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A Banking Explanation of the US Velocity of Money: 1919-2004

Author

Listed:
  • Szilard Benk

    () (Hungarian Central Bank)

  • Max Gillman

    () (Institute of Economics - Hungarian Academy of Sciences)

  • Michal Kejak

    () (The Center for Economic Research and Graduate Education of Charles University (CERGE EI))

Abstract

The paper shows that US GDP velocity of M1 money has exhibited long cycles around a 1.25% per year upward trend, during the 1919-2004 period. It explains the velocity cycles through shocks constructed from a DSGE model and annual time series data (Ingram et al., 1994). Model velocity is stable along the balanced growth path, which features endogenous growth and decentralized banking that produces exchange credit. Positive shocks to credit productivity and money supply increase velocity, as money demand falls, while a positive goods productivity shock raises temporary output and velocity. The paper explains such velocity volatility at both business cycle and long run frequencies. With filtered velocity turning negative, starting during the 1930s and the 1987 crashes, and again around 2003, results suggest that the money and credit shocks appear to be more important for velocity during less stable times and the goods productivity shock more important during stable times.

Suggested Citation

  • Szilard Benk & Max Gillman & Michal Kejak, 2009. "A Banking Explanation of the US Velocity of Money: 1919-2004," IEHAS Discussion Papers 0923, Institute of Economics, Centre for Economic and Regional Studies, Hungarian Academy of Sciences.
  • Handle: RePEc:has:discpr:0923
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    References listed on IDEAS

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    Citations

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    Cited by:

    1. Gunes Kamber & Christoph Thoenissen, 2011. "Financial intermediation and the internationalbusiness cycle: The case of small countries with big banks," CAMA Working Papers 2011-22, Centre for Applied Macroeconomic Analysis, Crawford School of Public Policy, The Australian National University.
    2. Benigno, Pierpaolo & Nisticò, Salvatore, 2015. "Non-Neutrality of Open-Market Operations," CEPR Discussion Papers 10594, C.E.P.R. Discussion Papers.
    3. Francisco Callado-Muñoz & Jana Hromcová & Natalia Utrero-González, 2014. "Openness and Technology Diffusion in Payment Systems: The Case of NAFTA," Computational Economics, Springer;Society for Computational Economics, vol. 43(4), pages 497-519, April.
    4. Luisanna Onnis & Patrizio Tirelli, 2015. "Shadow economy: Does it matter for money velocity?," Empirical Economics, Springer, pages 839-858.
    5. Giulia Ghiani & Max Gillman & Michal Kejak, 2016. "Persistent Liquidity," Working Papers 1010, University of Missouri-St. Louis, Department of Economics.
    6. Basu, Parantap & Gillman, Max & Pearlman, Joseph, 2012. "Inflation, human capital and Tobin's q," Journal of Economic Dynamics and Control, Elsevier, vol. 36(7), pages 1057-1074.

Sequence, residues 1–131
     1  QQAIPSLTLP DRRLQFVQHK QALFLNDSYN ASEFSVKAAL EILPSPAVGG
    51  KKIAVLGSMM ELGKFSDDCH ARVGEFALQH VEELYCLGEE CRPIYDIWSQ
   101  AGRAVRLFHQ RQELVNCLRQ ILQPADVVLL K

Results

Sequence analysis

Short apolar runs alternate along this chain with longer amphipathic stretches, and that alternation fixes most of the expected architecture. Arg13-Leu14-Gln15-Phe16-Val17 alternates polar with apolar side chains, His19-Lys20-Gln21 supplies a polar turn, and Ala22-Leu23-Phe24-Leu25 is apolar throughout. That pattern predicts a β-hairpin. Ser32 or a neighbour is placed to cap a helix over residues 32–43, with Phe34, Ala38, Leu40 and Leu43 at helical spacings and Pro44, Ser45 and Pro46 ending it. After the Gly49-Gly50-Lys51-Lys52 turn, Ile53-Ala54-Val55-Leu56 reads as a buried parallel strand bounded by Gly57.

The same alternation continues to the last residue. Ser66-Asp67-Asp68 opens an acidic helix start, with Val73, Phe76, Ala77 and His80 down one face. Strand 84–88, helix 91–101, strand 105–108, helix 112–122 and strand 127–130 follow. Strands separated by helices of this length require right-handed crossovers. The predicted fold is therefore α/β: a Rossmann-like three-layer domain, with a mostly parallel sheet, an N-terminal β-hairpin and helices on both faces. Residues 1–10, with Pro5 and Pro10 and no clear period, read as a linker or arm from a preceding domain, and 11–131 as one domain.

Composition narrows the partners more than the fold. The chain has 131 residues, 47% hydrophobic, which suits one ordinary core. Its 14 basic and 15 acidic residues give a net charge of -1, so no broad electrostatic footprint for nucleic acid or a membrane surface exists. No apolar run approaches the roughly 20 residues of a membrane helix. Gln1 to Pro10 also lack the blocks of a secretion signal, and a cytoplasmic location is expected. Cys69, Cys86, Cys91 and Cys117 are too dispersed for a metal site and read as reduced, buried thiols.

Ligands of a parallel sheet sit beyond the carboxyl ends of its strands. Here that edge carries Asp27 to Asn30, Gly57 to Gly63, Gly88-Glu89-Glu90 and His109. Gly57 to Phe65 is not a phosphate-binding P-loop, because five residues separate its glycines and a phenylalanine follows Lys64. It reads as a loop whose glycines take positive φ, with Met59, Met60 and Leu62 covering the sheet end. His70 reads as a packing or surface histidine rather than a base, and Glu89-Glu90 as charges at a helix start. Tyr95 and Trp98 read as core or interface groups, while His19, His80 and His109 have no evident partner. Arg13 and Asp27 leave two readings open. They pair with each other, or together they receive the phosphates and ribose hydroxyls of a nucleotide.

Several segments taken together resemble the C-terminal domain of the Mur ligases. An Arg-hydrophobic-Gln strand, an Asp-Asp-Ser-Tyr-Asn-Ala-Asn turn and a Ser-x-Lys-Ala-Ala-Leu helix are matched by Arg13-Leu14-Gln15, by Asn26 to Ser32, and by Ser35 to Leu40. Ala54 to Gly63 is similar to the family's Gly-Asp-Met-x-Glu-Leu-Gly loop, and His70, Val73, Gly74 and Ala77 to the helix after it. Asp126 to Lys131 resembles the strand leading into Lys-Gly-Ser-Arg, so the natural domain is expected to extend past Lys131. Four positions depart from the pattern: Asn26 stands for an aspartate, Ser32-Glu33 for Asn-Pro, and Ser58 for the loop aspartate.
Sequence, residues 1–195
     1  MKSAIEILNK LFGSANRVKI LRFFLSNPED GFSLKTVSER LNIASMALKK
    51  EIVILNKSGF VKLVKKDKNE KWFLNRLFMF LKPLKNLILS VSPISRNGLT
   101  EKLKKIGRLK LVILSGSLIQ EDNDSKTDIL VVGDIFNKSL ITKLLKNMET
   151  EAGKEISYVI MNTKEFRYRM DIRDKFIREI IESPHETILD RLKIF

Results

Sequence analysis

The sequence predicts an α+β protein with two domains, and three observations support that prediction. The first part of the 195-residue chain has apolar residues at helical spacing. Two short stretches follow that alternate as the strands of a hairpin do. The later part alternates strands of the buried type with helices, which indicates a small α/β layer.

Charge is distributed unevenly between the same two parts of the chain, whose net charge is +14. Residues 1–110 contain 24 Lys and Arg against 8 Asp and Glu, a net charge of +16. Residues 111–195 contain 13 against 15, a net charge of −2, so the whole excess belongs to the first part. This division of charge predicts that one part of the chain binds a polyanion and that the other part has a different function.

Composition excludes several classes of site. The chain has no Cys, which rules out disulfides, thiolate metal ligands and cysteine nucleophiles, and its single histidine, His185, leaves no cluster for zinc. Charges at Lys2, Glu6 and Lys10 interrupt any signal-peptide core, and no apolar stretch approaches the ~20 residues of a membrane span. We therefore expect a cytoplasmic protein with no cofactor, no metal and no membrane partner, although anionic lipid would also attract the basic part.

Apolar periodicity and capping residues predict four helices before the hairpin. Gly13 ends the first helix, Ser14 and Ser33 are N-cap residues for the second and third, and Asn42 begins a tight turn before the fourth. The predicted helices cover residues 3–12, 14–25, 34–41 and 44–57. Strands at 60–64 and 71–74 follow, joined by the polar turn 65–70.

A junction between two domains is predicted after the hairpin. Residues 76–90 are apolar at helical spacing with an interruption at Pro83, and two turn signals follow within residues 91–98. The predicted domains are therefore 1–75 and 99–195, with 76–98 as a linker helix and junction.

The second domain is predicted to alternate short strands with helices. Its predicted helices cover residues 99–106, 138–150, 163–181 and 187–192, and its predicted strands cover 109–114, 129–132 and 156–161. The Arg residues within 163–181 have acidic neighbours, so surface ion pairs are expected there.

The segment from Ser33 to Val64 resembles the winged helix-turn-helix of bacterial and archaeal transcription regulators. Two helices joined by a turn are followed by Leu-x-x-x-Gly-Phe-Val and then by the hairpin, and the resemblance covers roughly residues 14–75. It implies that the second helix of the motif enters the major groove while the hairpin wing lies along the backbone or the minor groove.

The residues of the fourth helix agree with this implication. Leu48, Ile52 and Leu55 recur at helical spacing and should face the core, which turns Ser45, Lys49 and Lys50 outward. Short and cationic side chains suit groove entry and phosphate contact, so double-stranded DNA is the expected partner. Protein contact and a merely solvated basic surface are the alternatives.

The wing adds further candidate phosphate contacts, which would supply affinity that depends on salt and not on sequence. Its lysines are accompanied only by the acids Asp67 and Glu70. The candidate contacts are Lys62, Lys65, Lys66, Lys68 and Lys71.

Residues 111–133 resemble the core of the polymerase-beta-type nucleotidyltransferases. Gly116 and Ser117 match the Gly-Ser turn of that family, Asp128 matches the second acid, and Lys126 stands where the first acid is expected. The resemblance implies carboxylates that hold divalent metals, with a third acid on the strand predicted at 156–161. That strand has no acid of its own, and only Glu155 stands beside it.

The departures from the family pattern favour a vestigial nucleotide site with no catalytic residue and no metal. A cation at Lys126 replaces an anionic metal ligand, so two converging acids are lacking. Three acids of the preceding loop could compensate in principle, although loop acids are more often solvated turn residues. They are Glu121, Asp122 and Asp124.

7. Ceri Davies & Max Gillman & Michal Kejak, 2016. "Interest Rates Rules," Working Papers 1009, University of Missouri-St. Louis, Department of Economics.
    8. Szilard Benk & Tamas Csabafi & Jing Dang & Max Gillman & Michal Kejak, 2016. "Tuning in RBC Growth Spectra," IMF Working Papers 16/215, International Monetary Fund.
    9. Max Gillman & Michal Kejak & Michal Pakoš, 2015. "Learning about Rare Disasters: Implications For Consumption and Asset Prices," Review of Finance, European Finance Association, pages 1053-1104.
    10. Chang, Wen-ya & Chen, Ying-an & Chang, Juin-jen, 2013. "Growth and welfare effects of monetary policy with endogenous fertility," Journal of Macroeconomics, Elsevier, pages 117-130.
    11. Tonin, Mirco & Vlassopoulos, Michael, 2012. "Social Incentives Matter: Evidence from an Online Real Effort Experiment," AICCON Working Papers 112-2012, Associazione Italiana per la Cultura della Cooperazione e del Non Profit.
    12. Ceri Davies & Max Gillman & Michal Kejak, 2012. "Deriving the Taylor Principle when the Central Bank Supplies Money," CEU Working Papers 2012_13, Department of Economics, Central European University, revised 23 Jul 2012.
    13. El-Shagi, Makram & Giesen, Sebastian, 2010. "Money and Inflation: The Role of Persistent Velocity Movements," IWH Discussion Papers 2/2010, Halle Institute for Economic Research (IWH).
    14. Giulia Ghiani & Max Gillman & Michal Kejak, 2014. "Money, Banking and Interest Rates: Monetary Policy Regimes with Markov-Switching VECM Evidence," Working Papers 1003, University of Missouri-St. Louis, Department of Economics.

    More about this item

    Keywords

    business cycle; credit shocks; velocity and volatility;

    JEL classification:

    • E13 - Macroeconomics and Monetary Economics - - General Aggregative Models - - - Neoclassical
    • E32 - Macroeconomics and Monetary Economics - - Prices, Business Fluctuations, and Cycles - - - Business Fluctuations; Cycles
    • E44 - Macroeconomics and Monetary Economics - - Money and Interest Rates - - - Financial Markets and the Macroeconomy

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